When you are born your line of credit is frozen until you turn 18. At which point you have to authorize every line of credit you open unless you for some reason have to have it the way it is now. I can’t imagine people needing to continually open new credit card accounts. I feel that if your current credit card gets stolen, the mechanisms in place now work fine. I think the real problem is when someone opens an account in your name and you never get a bill.

So in that way we could walk around and not be so secretive of our SSN because we’d know that there is no way anyone could get a loan or a credit card with your information. I feel that these changes could be legislated into the current system. Or maybe not, because the number of “pre-approved” cards would drastically go down.

Now to get back to the transparency side of things again and back to national ID cards. What exactly is it that people are so afraid of? I’ve got zero problems with a national ID card, on the condition that it is coupled with complete transparency of what it is used for. I believe that this is the future of democracy in the 21st century.

I realize that it isn’t the best option to have the government controlling all of this information about us, but if it isn’t the government where we can possibly see it, it will be companies like ChoicePoint which essentially perform the same function with less oversight, and are free to do with the data as they wish. At least we can legislate transparency into the government.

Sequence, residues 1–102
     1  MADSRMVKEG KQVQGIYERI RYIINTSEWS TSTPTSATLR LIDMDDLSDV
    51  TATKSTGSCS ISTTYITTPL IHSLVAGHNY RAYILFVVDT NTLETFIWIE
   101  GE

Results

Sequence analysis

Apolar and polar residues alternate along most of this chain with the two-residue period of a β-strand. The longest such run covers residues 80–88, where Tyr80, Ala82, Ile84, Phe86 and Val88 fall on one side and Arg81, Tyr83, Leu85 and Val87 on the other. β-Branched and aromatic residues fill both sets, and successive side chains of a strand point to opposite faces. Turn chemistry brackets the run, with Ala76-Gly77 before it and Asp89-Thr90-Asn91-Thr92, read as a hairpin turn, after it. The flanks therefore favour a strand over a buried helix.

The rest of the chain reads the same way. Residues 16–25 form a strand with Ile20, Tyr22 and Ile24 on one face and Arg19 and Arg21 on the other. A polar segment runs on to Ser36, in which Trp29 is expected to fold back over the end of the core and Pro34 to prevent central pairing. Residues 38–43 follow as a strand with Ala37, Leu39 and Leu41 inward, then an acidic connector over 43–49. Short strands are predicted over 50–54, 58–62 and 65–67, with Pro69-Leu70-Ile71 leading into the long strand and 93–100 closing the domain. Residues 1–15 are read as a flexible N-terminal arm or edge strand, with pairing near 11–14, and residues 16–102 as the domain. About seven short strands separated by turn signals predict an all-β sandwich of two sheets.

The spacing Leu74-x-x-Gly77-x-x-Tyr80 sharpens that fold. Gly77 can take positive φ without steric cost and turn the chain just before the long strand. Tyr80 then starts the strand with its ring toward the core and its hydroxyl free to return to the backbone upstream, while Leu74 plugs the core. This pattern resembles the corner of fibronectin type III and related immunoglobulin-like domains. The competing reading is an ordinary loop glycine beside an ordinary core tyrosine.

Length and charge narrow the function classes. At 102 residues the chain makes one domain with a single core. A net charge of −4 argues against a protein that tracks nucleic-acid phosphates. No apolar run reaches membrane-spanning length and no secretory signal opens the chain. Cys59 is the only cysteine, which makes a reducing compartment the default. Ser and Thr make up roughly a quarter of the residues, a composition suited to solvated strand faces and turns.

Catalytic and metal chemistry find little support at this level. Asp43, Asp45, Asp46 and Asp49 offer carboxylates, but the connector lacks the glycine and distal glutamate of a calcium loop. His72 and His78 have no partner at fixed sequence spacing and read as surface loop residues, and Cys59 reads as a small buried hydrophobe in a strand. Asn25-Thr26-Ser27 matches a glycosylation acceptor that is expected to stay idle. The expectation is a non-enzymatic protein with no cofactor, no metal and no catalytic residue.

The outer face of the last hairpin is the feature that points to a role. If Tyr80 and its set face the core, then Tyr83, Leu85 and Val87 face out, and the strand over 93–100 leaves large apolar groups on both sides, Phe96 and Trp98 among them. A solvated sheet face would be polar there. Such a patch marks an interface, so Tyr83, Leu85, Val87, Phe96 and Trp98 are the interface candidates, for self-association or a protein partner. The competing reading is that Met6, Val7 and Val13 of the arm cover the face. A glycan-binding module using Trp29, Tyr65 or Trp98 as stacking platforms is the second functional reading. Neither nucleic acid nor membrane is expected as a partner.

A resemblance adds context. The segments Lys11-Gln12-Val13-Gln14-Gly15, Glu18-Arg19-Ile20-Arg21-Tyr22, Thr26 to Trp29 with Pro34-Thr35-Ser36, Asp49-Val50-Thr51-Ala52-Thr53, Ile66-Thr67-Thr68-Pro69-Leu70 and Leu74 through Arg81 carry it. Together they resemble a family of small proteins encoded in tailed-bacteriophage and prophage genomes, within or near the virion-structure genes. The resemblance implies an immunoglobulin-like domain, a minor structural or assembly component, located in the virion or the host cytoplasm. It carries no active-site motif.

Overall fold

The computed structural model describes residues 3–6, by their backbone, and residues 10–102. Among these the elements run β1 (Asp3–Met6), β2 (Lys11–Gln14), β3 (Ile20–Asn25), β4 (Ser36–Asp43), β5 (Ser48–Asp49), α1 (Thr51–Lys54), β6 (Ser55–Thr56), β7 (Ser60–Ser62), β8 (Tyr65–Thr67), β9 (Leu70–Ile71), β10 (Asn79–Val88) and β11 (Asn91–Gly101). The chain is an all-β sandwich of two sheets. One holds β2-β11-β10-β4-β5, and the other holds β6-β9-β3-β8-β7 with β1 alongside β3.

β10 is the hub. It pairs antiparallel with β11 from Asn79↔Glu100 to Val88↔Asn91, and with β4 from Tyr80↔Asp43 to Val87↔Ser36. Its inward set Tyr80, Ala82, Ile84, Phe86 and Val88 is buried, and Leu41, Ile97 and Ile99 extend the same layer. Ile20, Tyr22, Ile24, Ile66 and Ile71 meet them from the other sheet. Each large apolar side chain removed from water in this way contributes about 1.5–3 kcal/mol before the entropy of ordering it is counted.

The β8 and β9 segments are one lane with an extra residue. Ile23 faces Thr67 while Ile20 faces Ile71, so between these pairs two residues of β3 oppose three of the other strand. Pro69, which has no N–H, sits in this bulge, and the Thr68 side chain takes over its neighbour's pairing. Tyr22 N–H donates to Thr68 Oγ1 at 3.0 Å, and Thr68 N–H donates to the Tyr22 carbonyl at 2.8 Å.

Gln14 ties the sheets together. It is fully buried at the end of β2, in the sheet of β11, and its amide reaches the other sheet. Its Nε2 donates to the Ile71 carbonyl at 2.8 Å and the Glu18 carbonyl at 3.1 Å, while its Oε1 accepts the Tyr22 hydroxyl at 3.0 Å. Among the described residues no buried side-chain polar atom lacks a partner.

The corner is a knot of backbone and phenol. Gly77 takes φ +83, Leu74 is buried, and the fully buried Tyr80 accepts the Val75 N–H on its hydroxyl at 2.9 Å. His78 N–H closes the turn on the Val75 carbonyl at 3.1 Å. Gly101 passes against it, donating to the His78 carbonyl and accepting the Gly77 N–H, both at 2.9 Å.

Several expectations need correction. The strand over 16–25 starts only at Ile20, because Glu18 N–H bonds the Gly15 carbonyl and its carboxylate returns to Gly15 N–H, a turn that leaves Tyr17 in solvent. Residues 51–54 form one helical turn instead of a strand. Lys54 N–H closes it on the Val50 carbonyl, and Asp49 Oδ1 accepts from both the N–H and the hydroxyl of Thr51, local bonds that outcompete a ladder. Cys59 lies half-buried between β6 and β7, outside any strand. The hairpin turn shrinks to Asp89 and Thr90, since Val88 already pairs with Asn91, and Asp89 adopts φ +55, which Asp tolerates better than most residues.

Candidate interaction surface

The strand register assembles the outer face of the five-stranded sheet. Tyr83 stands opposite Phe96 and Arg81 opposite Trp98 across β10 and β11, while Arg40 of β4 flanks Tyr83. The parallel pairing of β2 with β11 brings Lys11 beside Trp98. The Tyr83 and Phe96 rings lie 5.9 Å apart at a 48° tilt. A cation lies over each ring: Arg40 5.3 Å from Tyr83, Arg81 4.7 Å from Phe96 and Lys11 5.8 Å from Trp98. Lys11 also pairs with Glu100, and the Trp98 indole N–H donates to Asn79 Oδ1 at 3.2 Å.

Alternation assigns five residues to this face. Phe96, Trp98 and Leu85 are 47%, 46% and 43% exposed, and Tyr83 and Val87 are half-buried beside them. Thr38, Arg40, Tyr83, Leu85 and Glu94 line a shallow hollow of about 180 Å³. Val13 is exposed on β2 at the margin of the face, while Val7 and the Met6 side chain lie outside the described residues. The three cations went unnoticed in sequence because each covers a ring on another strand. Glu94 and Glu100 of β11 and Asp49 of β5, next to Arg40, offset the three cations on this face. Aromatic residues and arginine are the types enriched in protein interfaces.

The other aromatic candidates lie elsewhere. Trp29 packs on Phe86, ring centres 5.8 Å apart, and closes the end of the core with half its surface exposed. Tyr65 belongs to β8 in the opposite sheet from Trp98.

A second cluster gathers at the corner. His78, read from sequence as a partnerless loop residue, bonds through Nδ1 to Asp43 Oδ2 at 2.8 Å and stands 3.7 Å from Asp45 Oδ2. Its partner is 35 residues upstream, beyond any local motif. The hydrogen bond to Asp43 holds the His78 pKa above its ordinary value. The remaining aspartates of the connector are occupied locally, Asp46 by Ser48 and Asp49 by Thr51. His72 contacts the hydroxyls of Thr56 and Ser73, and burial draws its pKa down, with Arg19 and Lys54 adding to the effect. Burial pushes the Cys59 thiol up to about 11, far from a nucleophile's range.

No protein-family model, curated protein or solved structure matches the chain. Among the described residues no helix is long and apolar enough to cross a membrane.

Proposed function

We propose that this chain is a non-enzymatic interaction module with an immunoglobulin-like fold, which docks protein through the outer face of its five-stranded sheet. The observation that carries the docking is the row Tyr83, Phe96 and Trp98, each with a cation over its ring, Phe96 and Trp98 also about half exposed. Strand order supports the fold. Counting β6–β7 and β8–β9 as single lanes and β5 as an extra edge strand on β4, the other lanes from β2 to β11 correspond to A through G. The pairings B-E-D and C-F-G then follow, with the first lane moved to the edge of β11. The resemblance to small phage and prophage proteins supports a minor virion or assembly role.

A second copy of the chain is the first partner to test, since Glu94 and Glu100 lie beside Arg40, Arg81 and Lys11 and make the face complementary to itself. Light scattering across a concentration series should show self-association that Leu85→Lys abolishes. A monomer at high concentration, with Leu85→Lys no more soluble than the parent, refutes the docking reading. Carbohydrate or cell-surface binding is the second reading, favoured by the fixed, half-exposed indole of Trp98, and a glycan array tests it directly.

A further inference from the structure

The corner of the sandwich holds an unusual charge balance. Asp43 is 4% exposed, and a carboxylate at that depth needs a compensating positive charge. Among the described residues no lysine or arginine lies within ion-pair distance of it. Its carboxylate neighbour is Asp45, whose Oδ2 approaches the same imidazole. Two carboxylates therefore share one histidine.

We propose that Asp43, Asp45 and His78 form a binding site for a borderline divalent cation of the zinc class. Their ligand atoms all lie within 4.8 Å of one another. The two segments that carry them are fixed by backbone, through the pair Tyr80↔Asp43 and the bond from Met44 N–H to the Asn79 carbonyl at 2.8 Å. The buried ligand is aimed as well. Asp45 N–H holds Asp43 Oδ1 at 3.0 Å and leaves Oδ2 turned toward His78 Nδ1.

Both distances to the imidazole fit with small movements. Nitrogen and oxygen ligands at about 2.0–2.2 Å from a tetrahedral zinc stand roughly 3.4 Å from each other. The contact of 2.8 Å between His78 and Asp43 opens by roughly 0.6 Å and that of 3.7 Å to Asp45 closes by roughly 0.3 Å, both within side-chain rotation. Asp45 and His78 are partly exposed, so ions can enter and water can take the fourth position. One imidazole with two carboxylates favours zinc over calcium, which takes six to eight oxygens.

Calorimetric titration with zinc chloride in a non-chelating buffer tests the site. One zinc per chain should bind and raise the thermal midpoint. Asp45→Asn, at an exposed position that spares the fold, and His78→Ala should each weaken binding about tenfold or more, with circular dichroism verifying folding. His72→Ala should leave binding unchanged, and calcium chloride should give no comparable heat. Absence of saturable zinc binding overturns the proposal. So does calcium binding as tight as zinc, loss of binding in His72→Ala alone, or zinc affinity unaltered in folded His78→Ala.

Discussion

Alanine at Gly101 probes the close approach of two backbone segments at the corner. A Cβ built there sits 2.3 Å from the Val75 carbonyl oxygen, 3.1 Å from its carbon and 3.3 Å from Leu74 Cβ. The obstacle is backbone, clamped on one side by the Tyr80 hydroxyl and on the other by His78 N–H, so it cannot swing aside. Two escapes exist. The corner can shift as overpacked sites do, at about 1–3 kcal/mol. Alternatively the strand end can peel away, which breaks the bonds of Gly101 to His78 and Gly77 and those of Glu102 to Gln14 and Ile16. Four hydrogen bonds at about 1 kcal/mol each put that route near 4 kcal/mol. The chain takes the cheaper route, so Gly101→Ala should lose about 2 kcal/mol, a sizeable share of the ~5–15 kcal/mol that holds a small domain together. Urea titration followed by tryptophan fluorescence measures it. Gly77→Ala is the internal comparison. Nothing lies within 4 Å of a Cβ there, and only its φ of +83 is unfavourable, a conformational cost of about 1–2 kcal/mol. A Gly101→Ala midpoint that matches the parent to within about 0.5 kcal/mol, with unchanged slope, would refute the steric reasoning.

This is simply a pattern that I’ve been seeing. You have private companies performing functions that the government needs. ChoicePoint has 17 billion records on people. In 2005 some people posed as legitimate business to obtain personal information to steal their identities. How can this be?

What is the best choice here? The government is banned from aggregating this info, so it simply outsources someone else to do so. Isn’t that a big surprise? The people entrusted with this information are under less scrutiny.

It is because of this, that I feel that our only option is transparency. Our economy is already highly dependent on the use of credit scores and credit history to allow creditors to make quick choices about who gets what. I don’t think we can stem the tide. Our personal information is already out there, and it’s available to all of the people who we didn’t want it to be in the first place. I think the only way to work with it from here on is to let the government take over and make it 100 percent transparent.